> >> >>
        > >> >> The most likely antenna to get those signals from 75 miles away is a
        > >> >> directional antenna cut for a specific band. This focuses the signals
        > >> >> from one direction, and utilises all of the elements to contribute to
        > >> >> the gain.
        > >> >>
        > >> >> Omnidirectional antennas have to try to form a radiation pattern that
        > >> >> looks like a pancake, which means it focuses all of its attention on
        > >> the
        > >> >> horizon. But even then, that volume of space is larger than the
        > >> >> directional case above, so the maximum possible gain is lower.
        > >> >>
        > >> >> Finally, a lot of broadband antennas don't use all of their radiating
        > >> >> elements on any given frequency, so these have even less ability to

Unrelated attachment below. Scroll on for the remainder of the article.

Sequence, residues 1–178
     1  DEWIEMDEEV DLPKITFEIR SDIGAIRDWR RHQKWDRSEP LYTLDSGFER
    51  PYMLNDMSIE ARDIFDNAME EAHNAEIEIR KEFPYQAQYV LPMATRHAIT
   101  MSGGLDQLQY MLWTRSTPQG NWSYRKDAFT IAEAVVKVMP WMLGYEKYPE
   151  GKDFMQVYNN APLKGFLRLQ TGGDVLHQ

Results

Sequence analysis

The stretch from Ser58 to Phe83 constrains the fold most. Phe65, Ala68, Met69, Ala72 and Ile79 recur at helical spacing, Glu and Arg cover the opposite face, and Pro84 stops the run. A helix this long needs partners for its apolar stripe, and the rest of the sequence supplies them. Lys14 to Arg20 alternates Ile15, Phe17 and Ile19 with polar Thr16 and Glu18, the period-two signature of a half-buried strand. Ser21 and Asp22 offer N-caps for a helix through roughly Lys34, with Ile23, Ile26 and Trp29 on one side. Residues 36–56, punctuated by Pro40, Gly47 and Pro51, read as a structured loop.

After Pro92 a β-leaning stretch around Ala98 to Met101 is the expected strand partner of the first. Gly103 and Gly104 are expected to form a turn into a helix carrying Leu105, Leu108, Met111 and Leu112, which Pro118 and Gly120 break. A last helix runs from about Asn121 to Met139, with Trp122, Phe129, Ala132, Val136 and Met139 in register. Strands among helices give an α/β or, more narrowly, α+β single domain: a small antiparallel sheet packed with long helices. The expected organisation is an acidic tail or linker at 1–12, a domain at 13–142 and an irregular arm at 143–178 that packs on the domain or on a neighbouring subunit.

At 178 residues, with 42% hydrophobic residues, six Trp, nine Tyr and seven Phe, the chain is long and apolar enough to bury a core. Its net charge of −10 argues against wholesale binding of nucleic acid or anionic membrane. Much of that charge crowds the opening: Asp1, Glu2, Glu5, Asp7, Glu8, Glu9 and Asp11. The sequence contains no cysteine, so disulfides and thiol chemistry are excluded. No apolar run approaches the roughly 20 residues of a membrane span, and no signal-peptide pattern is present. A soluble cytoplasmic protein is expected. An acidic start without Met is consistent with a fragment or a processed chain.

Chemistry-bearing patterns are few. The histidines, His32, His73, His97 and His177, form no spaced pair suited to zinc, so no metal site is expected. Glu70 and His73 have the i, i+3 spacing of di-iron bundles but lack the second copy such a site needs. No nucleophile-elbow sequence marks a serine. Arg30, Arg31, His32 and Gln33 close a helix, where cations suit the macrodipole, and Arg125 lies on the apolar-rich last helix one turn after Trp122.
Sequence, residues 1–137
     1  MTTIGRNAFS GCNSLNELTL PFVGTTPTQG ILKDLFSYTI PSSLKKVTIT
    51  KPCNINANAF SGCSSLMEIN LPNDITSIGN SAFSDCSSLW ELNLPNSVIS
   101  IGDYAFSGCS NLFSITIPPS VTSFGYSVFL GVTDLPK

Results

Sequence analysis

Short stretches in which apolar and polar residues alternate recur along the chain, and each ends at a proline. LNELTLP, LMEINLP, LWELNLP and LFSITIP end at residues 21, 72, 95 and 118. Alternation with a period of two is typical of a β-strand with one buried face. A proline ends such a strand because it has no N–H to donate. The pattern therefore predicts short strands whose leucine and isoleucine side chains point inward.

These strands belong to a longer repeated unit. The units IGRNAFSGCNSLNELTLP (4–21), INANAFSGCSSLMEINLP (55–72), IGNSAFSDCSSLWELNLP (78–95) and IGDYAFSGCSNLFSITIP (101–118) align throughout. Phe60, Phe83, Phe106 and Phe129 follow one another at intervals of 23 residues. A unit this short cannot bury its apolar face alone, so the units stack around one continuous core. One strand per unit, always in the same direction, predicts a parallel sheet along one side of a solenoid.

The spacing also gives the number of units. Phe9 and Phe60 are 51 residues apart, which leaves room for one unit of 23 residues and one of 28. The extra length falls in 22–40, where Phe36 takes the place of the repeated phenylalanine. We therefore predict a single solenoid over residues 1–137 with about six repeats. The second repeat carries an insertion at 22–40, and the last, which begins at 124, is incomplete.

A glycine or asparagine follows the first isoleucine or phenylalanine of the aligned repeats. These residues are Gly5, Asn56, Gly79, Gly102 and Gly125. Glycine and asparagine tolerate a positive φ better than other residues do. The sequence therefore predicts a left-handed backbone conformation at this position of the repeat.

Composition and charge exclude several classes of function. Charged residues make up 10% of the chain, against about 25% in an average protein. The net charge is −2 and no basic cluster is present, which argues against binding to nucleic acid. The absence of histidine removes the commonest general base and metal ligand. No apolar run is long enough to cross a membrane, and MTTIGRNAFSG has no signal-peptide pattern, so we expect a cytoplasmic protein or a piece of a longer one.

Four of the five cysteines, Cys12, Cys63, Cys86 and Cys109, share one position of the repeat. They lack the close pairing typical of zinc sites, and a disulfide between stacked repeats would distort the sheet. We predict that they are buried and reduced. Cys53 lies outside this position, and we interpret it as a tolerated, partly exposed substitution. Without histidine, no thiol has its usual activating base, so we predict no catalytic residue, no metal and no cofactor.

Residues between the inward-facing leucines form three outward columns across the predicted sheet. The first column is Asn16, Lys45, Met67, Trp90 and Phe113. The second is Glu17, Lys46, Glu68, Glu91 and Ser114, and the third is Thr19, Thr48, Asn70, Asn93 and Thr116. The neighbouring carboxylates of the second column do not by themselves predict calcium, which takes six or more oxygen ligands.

> >> >> focus the signals. However, that is compensated for by their
        > extremely
        > >> >> wide bandwidth. You can get directional wideband antennas (e.g. a log
        > >> >> periodic), but their gain is a lot less than a Yagi or other
        > narrowband
        > >> >> antenna cut for a specific frequency in the range covered.
        > >> >>
        > >> >> It may be that you either have to install 2 antennas and switch
        > between
        > >> >> them, or run 2 scanners (maybe one of them can be a cheap scanner).
        > >> >>
        > >> >> Or move to a mountain midway between your target areas! ;)
        > >> >>
        > >> >
        > >> >
        > >> > ------------------------------------